Song of Solomon
A manuscript of the Joseph Smith Translation contains a note, written in the margin, that "the Song of Solomon is not inspired scripture." It is not clear how authoritative such a note in an unfinished manuscript is, but most Latter-day Saints are reluctant to consider the Song of Solomon as inspired scripture despite its inclusion in the Biblical Canon. The book was included in the Bible because its romantic themes were traditionally interpreted as an allegory of God's love for Israel and/or for the Church. Nevertheless, due to its erotic content many Jewish groups and Christian denominations have also been reluctant to accept the Song of Solomon as inspired scripture.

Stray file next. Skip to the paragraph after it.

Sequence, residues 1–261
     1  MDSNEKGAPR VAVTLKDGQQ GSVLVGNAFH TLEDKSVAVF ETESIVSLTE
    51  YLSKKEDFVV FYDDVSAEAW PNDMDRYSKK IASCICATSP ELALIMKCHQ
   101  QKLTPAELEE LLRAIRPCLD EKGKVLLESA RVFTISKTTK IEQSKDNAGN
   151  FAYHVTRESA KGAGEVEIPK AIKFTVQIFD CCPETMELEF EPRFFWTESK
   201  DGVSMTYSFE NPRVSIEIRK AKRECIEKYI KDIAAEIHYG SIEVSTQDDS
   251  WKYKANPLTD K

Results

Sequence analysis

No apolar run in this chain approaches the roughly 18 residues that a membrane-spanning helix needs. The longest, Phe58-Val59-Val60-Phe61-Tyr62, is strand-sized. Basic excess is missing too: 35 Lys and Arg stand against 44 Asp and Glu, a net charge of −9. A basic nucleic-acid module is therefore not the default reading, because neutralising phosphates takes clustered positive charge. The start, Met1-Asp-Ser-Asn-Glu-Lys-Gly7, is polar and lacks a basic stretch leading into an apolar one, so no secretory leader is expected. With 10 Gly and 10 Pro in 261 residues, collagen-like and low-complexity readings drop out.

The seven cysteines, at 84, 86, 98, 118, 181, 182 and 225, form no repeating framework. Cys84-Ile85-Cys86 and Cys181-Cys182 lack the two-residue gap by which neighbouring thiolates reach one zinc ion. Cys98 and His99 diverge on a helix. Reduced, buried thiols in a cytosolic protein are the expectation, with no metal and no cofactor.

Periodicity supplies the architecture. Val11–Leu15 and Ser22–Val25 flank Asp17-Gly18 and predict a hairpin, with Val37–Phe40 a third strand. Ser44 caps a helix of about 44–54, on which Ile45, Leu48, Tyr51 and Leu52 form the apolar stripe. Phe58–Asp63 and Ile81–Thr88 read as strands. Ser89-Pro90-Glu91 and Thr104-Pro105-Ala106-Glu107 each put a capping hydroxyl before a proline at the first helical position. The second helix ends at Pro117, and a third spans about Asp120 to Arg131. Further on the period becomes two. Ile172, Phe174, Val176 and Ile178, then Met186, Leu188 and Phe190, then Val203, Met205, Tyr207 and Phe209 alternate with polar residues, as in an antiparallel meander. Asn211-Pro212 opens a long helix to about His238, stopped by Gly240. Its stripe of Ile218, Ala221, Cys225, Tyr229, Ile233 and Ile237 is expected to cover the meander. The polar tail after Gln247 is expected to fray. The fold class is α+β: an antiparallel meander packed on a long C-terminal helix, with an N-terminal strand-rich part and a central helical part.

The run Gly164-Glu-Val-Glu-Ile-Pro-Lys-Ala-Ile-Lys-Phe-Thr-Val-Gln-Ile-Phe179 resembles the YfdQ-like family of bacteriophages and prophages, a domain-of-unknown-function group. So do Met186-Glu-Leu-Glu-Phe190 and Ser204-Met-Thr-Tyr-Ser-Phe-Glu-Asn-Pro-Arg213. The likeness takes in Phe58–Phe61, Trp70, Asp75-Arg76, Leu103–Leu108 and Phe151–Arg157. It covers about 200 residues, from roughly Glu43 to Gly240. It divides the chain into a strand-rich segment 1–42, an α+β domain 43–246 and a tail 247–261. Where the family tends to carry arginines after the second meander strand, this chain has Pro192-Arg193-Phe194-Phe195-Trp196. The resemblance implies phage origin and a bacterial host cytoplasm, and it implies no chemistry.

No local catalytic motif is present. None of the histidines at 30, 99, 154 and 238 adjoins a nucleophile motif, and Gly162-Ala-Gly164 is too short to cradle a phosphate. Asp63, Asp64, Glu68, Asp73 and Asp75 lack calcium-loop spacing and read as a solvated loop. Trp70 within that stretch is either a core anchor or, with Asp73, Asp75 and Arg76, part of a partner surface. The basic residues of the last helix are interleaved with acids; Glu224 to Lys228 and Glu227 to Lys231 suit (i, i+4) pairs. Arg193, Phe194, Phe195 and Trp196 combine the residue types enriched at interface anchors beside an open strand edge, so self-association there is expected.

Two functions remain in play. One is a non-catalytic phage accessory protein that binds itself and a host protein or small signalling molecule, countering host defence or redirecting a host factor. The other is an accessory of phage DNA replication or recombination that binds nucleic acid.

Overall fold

However, the book does contain beautiful phrases and lyrical prose, and is therefore certainly a gem of literature regardless of its status as inspired scripture. Furthermore, the use of human intimacy as an allegory for God's relationship with the Church is commonly found elsewhere in the scriptures. God himself quoted multiple times from the Song of Solomon in the Doctrine and Covenants (compare Song. 6:10 with D&C 5:14; 105:31; and 109:73). In each instance, the quotation is in the context of the the Church's rise form obscurity, using poetic passages from the Song of Solomon about the beauty and wonder that a man feels for his love. This use of the poem fits with the allegorical interpretation of the text. God's use of the allegorical interpretation from the Song of Solomon could indicate that He approves of the general principle of the allegory, regardless of whether the poem itself was not initially inspired.